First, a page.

Annuities are insurance policies that guarantee you an income for retirement. However, annuities do not receive the same benefits that life insurance receives in regard to taxation. When you receive an annuity as part of your inheritance, you must pay tax on the distribution. However, you should understand both the type of tax, and the choices you have as to how to pay the tax.
You may elect to receive a lump sum distribution from your inherited annuity. This means that you take the full account balance of the annuity when the original annuity owner dies. If the annuity is not inside of a qualified retirement plan (i.e., an IRA), then you pay tax only on the gains in the annuity. Any investment principal of the annuity is not taxed. If you receive an annuity inheritance from a traditional IRA, you must pay tax on all of the proceeds. If you receive your annuity from a Roth IRA, none of the proceeds are taxable.
You may elect to receive payments over your lifetime from an annuity inheritance. The benefit of this approach is primarily if you have received an annuity not inside of an IRA. When you take annuity payments in this scenario, most of the payment is considered a return of principal with a small amount of interest added to the payment. Because of this, you pay a relatively small amount in taxes. The same rules apply to monthly payments when receiving money from an IRA. Traditional IRA payments are fully taxable and Roth IRA payments are tax-free.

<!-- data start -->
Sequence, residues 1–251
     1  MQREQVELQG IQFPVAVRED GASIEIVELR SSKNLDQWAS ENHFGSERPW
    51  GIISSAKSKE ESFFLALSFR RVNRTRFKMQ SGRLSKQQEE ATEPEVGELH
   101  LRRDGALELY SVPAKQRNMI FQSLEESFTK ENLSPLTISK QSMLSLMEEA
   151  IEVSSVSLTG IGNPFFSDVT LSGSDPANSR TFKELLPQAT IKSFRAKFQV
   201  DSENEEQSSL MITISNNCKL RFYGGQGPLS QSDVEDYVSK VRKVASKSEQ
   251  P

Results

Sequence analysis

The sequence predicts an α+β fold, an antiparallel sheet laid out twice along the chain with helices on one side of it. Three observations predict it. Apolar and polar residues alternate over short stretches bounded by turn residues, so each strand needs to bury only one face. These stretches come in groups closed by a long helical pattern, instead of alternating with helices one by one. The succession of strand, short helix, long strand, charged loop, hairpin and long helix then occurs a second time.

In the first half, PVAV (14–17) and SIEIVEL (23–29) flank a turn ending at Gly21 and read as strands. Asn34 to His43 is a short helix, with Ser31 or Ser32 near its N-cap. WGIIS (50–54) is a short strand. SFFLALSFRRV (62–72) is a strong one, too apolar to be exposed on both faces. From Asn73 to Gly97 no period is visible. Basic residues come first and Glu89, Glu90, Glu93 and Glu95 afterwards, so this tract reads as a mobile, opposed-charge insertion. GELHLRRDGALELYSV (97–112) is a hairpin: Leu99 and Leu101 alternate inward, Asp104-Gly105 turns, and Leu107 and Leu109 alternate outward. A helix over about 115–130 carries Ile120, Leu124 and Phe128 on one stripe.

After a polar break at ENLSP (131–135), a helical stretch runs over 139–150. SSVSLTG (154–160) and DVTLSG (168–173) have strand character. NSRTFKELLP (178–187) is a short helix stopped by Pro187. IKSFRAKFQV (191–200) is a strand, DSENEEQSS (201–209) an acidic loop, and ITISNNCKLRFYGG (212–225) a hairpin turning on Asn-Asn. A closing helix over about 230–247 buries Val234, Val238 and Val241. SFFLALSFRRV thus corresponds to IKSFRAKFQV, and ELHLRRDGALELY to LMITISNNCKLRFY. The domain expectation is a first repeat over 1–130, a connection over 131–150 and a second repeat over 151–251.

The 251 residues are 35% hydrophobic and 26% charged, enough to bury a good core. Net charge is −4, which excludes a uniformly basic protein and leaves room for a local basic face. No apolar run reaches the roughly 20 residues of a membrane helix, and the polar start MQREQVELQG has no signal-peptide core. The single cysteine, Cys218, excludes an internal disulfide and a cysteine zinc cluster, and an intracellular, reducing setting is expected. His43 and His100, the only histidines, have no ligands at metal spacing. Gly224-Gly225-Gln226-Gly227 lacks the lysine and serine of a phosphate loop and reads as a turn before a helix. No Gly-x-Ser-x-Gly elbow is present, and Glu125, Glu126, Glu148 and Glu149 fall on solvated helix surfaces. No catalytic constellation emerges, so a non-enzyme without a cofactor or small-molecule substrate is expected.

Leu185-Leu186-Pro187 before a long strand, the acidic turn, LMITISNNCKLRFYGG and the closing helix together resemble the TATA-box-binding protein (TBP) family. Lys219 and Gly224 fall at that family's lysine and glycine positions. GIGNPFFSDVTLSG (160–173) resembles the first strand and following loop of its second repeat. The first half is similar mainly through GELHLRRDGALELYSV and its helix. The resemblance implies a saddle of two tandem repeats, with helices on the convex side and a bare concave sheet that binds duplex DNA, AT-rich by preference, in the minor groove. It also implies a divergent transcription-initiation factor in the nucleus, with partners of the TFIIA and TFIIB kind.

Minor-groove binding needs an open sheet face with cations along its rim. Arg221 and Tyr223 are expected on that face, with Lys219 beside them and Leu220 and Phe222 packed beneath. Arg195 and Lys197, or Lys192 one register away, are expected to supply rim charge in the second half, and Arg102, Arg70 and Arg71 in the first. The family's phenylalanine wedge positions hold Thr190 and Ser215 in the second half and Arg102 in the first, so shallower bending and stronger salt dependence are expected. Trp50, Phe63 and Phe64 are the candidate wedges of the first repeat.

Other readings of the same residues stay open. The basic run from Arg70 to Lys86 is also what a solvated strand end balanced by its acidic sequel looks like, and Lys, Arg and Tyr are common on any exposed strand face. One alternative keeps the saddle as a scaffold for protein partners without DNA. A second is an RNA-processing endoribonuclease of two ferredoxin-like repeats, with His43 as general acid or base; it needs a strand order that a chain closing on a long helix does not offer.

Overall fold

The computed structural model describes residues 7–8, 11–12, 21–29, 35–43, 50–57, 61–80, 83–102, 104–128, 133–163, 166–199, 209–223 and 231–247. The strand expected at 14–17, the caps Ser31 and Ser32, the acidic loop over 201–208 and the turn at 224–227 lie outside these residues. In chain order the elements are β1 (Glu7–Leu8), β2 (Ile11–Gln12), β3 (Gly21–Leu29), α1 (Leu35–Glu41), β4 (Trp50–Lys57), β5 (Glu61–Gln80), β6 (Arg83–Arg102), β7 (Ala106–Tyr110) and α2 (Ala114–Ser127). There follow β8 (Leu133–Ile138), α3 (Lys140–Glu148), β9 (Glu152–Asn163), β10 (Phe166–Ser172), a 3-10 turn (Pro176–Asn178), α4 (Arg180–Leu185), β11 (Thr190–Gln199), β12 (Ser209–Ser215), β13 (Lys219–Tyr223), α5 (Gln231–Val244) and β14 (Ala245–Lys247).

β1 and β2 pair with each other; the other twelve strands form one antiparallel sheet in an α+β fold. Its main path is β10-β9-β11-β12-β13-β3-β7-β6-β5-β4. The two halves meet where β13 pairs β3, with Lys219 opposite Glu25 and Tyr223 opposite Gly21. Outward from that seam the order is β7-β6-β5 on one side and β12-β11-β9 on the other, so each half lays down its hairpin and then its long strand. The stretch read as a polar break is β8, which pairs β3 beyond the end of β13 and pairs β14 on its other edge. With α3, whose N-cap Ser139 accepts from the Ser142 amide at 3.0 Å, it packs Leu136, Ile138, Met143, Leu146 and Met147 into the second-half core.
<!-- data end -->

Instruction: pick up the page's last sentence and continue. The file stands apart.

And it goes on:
The type of tax you pay is income tax, not capital gains tax. The tax is based on your personal income tax rate. Any income you receive from the annuity is added to your gross income. This means that if your inheritance forces you into a higher tax rate, all of your income is subject to this tax rate. This may, in turn, force you to pay higher taxes overall for the year(s) you receive your inheritance.
If you are receiving an annuity as an inheritance, consider your own financial goals prior to choosing a payment option. If you are in need of a lump sum of cash, or if the annuity is in a Roth IRA, it may be best to take the entire lump sum of money now. If you are being taxed on some or all of your inheritance, you may be best served by spreading your annuity inheritance out over your lifetime to reduce the negative impact of paying taxes on your inheritance.
- "Practicing Financial Planning for Professionals (Practitioners' Edition), 10th Edition"; Sid Mittra, Anandi P. Sahu, Robert A Crane; 2007
- "Life Insurance"; Kenneth Black, Jr., Harold D. Skipper, Jr.; 1994
- Department of the Treasury, Internal Revenue Service: Publication 575 Pension and Annuity Income
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